Dogs were initially held in poor esteem by Thomas Jefferson (1743-1826) when he was a young man. In an era when most landowners kept livestock that were important in commerce, dogs were kept for
hunting or herding and were probably fed erratically. Communities often viewed them as a menace because they helped themselves to sheep and goats and whatever else they could bring down for a meal.
When merino sheep were imported to the United States from Spain starting in 1809, the wool went for a high price. As a result, some counties established dog ordinances. Others taxed dog owners—the more dogs owned, the higher the tax.
Jefferson was on the landowners’ side in this issue. However, Jefferson was to experience a change of heart. Here’s how it happened.
Jefferson’s Dog: Change of Heart
While serving as minister to France from 1784-1789, Thomas Jefferson became aware of the writings of Georges-Louis Leclerc, the Comte de Buffon (1707-1788), whom he described as having been the “best informed Naturalist who has ever written.” The French naturalist, mathematician, and author wrote that the finest dog he knew was the chien bergere de Brie (Briard sheepdog) because of its intelligence and fine character. According to de Buffon, the dog was “instinctively prone to industry.”
This description of a dog caught Jefferson’s attention. The future president always relished having the best examples of anything from the natural world.
Jefferson’s Dog Search
Jefferson was soon to return to the United States, but he became determined that he was going to take home with him a dog belonging to this fine breed. (The Briard and is a muscular, rugged dog that stands 22-27 inches. The breed is a happy herder, nimble and quick. The dog’s coat is long, and it can be gray, tawny, or black. They are most notable for their “peek-a-boo” bangs from under which their eyes peek out.)
A terrible rainstorm hit the countryside the weekend that Jefferson
planned to search for the dog. Jefferson braved the rain and visited several communities, finally selected the dog he wanted to bring back to begin an American line of this fine breed.
He wrote in his memorandum book of the Briard he had chosen: “pd. For a chienne bergere big with pup, 36 Libre (equivalent to $6) and gave a gratuity to the person who delivered him.”
Buzzy Comes to the U.S.
He called the dog Buzzy, and Buzzy gave birth to two pups during the ocean voyage on board The Clermont, so Jefferson arrived in the United States with not one but three French sheepdogs. This was the beginning of what is now known as the Briard Bergere line in the United States.
At Monticello, the dogs were put to work herding sheep, and Jefferson was delighted. Shortly after Jefferson’s return, Lafayette sent Jefferson another pair so Jefferson began his “careful multiplication of the immigrants…” Dogs he described as “the most careful, intelligent dogs in the world.”
Word about the wonder of the breed spread throughout Virginia, and friends began coming to request puppies when new dogs were born. True to his nature, Jefferson selected the dogs for each home with care—always sending out well-chosen pairs so the breeding could continue.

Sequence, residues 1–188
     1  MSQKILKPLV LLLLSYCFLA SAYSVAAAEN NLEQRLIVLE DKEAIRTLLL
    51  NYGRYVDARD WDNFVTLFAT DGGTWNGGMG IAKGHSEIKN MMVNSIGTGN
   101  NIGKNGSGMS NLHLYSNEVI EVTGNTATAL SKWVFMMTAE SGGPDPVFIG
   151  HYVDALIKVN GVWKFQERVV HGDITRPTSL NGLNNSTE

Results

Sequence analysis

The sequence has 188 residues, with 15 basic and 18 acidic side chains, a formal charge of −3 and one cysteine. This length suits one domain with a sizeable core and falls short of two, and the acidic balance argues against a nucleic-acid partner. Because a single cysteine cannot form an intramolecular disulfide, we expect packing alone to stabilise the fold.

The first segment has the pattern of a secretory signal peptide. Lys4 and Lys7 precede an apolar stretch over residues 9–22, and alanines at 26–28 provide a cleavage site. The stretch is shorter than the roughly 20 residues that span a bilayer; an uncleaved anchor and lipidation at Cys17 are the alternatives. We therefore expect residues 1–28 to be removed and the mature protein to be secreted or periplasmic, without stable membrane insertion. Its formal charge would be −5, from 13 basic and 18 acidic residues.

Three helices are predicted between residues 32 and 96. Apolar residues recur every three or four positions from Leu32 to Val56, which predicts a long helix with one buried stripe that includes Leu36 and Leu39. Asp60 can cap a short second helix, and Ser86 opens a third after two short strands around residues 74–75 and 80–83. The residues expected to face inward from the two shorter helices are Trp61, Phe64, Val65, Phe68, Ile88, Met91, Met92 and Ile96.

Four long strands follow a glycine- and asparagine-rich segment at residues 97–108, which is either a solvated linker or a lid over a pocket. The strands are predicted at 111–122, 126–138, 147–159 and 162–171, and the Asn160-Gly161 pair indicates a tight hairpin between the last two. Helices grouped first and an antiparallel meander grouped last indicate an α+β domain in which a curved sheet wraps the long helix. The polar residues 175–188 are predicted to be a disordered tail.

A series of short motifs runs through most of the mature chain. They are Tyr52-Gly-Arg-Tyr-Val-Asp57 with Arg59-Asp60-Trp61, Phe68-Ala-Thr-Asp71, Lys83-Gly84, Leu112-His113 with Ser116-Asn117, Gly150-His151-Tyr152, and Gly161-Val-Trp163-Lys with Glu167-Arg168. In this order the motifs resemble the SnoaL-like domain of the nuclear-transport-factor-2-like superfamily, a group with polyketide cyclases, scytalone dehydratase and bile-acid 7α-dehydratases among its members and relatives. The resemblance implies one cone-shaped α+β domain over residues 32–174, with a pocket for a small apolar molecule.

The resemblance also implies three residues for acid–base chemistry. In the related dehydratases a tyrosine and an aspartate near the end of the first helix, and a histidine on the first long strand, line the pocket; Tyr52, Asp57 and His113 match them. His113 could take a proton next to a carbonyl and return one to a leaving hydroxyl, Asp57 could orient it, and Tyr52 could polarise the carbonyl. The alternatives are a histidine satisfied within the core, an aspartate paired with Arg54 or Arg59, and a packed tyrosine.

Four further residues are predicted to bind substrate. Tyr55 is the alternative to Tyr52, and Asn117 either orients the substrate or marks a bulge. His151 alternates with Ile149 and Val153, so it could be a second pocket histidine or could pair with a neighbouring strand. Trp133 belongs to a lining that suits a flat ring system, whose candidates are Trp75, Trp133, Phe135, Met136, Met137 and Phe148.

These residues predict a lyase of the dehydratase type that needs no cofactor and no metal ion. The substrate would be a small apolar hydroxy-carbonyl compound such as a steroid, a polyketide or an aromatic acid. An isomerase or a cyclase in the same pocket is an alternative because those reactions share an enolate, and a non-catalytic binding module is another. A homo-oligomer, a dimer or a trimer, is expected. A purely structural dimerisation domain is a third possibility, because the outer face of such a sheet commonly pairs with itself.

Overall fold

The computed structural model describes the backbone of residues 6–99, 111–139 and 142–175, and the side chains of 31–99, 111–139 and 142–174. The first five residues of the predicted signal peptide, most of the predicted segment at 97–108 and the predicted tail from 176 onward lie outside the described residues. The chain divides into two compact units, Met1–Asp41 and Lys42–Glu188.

The Monticello dogs remained outdoor, working dogs as most dogs
at that time would have been. The one exception Jefferson seems to have made was when his grandchildren were staying with him for a short time. Two-year-old Thomas Jefferson Randolph was terribly afraid of dogs, so Jefferson—in a very grandfatherly fashion–brought one of the puppies into the house so that the child could become accustomed to being around an animal.
Jefferson’s Beloved Pet, A Mockingbird
Mockingbirds were Thomas Jefferson’s pet of choice.
In 1792 when Monticello was still under construction, Jefferson
purchased his first mockingbird from one of the slaves belonging to his father-in-law. He loved the birds’ songs and their ability to mimic what they heard, and he went on to acquire several of them.
His favorite, however, was a mockingbird he named Dick. Author and Jefferson friend, Margaret Bayard Smith (1778-1884), wrote in 1806 of the President’s fondness for the bird, noting that he loved their “melodious powers, uncommon intelligence, and affectionate disposition.”
Dick was with him at most times of the day. He kept the cage suspending in a window recess among roses and geraniums, but when Jefferson was at home and in his office, he would let the bird fly free. Dick would alight on the desk, singing as Jefferson worked, or he would perch on his shoulder as if overseeing what was going on.
When Jefferson went upstairs for a nap, Dick was said to hop up the stairs after him and sit on the couch and sing.
At the time Jefferson lived at Monticello there were no wild mockingbirds. Twenty years after Jefferson’s death, the birds began to populate the woods in the area. Today the song of mockingbirds can still be heard in the woods around Monticello.